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This paper discusses Niccolo Machiavelli's comments on government, human nature and society in his books, "The Prince" and "Discourses". It describes the most significant parallel between Machiavelli's principles on government and his principles in the humanist tradition. It then shows the points of disagreement between the humanists and Machiavelli. Finally, the paper suggests that his philosophy still applies to modern government.
From the Paper:"Niccolo Machiavelli comments on government, human nature, and society in his books, The Prince and Discourses. While many of Machiavelli's theories are in concordance with the humanist philosophical movement, many of his theories including his overall perception of the human nature diverge from humanism. In The Prince, Machiavelli examines the principles of political leaders and proposes ways in which aspiring political leaders can acquire the most political success possible. The Prince reflects Machiavelli's humanistic mentality in that he is well versed in Latin, he deliberately excludes religious content, and places high emphasis on the potential of the individual. However, his philosophy strays from the humanist tradition when he discusses the general moral depravity of most humans. Humanists typically focused on human dignity and pride in moral thought and behavior. Machiavelli on the other hand, proposed that the ends justify the means regardless of morality. Similarly, in Discourses, Machiavelli focused on the importance of freedom of citizenry above all else. He included graphic accounts of the tragic fate of previous governments in which freedom was restricted. Machiavelli, like his humanist contemporaries, had faith in the ability of humans to make rational decisions concerning their government and ruler. Discourses and The Prince contain both humanist ideals and non-humanist ideals; as a result, his revolutionary and ingenious works have received great fame and scrutiny since his death."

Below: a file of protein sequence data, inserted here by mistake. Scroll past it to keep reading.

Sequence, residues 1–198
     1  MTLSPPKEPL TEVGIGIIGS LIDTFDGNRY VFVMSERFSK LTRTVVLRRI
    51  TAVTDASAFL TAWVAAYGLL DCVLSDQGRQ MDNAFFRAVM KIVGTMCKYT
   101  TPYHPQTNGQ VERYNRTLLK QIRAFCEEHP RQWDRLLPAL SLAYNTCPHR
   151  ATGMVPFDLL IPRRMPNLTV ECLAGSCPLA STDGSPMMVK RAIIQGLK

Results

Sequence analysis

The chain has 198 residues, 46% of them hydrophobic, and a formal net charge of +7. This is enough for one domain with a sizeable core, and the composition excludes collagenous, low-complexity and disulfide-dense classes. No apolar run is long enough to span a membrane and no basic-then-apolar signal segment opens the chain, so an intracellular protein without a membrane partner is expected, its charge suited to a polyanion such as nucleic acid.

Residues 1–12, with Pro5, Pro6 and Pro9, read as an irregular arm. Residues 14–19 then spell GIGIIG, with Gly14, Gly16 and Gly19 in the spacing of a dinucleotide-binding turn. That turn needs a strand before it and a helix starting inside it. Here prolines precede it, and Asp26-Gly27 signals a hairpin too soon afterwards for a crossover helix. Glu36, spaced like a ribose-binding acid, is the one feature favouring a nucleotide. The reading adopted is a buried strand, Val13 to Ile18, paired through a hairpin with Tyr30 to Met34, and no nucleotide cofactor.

Sample of Sources Used:
- Guarino, Battista. "De Ordine Docendi et Studendi." 1459.
- Machiavelli, Niccolo. Discourses. c. 1520
- Machiavelli, Niccolo. The Prince. 1513.
- Petrarch, Francis. "The Ascent of Mount Ventoux." 1350.
Cite this Essay:
Niccolo Machiavelli (2007, November 28) Retrieved July 06, 2022, from https://www.academon.com/essay/niccolo-machiavelli-99764/
"Niccolo Machiavelli" 28 November 2007. Web. 06 July. 2022. <https://www.academon.com/essay/niccolo-machiavelli-99764/>